Mitt Romney needs to take command of his party before the Republican National Convention or his chances of winning the White House could fizzle, senior Republican strategists say.
"The question is, will Romney define the Republican party or will the Republican party define Romney?" argues a former senior adviser to a Republican president. "I don't think we'll know the answer to that until Tampa," where the convention will be held in August. The former adviser, who has remained neutral in the GOP nominating race, says Romney needs to use the period between now and the convention to demonstrate toughness, determination and leadership.
A new CBS/New York Times poll, released Wednesday, has the race between Romney and President Obama tied, with each man holding the support of 46 percent of registered voters.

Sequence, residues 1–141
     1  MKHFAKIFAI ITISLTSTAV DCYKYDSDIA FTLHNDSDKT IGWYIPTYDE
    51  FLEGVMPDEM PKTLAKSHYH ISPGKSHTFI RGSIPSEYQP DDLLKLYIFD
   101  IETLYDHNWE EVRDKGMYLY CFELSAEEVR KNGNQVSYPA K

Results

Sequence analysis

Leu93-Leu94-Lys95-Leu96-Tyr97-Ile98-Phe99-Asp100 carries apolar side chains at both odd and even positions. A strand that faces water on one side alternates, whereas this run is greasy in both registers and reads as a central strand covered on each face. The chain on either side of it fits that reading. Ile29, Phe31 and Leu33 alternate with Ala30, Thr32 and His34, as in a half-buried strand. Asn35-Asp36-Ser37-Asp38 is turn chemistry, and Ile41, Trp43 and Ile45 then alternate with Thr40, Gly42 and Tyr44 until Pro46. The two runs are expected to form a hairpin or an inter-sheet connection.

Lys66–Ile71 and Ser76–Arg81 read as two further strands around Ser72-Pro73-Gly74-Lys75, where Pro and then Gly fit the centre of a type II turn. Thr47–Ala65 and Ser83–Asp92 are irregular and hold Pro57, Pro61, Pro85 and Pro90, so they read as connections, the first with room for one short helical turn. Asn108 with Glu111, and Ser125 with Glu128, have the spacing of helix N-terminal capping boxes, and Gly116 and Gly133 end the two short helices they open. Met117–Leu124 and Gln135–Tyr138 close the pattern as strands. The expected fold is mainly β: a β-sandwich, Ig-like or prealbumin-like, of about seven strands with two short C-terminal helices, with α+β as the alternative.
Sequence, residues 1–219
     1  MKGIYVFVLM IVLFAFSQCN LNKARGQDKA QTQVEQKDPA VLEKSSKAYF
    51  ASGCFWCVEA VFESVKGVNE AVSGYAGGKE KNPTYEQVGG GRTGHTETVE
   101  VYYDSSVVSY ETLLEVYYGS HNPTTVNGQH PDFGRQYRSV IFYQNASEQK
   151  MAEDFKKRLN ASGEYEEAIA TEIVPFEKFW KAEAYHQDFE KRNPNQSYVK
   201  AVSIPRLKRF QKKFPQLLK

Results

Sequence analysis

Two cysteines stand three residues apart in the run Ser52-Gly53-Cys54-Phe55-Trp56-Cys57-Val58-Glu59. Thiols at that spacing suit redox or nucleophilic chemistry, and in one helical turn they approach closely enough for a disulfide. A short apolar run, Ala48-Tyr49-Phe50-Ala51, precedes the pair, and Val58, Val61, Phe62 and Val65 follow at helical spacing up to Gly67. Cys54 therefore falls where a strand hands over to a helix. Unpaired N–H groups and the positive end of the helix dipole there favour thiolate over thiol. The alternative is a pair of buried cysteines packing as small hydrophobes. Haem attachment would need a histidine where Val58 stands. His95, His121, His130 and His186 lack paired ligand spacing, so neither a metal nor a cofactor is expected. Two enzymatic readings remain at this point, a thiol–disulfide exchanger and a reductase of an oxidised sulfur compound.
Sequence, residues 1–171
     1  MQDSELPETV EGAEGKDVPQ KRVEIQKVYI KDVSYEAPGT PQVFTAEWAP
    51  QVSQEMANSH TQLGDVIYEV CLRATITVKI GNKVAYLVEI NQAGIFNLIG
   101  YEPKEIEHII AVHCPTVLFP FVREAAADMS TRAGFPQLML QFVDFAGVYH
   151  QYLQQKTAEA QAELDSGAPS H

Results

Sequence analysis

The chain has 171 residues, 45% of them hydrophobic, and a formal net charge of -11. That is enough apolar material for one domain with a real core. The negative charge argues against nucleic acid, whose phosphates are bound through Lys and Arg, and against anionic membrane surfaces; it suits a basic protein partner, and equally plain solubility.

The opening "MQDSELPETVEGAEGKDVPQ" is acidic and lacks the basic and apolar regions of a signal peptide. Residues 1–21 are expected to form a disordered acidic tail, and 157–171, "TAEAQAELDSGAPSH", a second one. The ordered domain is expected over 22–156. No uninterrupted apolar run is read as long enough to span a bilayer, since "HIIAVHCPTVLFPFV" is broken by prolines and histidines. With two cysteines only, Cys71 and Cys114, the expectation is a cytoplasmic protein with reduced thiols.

A looming problem is whether Romney can unify, or at least pacify, the many factions in the GOP. Many on the right, including Tea Party activists, still doubt the depth of Romney's commitment to conservative policies. And Romney's former rivals for the nomination could also make trouble if they insist on trying to toughen the Republican platform on social issues. Romney would prefer to emphasize the need to strengthen the economy and create jobs, which are the top priorities for voters.
Another concern is how much cooperation Romney will get from former Pennsylvania Sen. Rick Santorum, who dropped out of the race last week, but has a sizeable bloc of delegates. There is a similar concern among Romney supporters about how cooperative the two remaining GOP presidential candidates, former House Speaker Newt Ginrgich and Texas Rep. Ron Paul, will be.
Romney has such a big lead in nominating delegates, campaign funds, and organization that he is considered the presumptive nominee.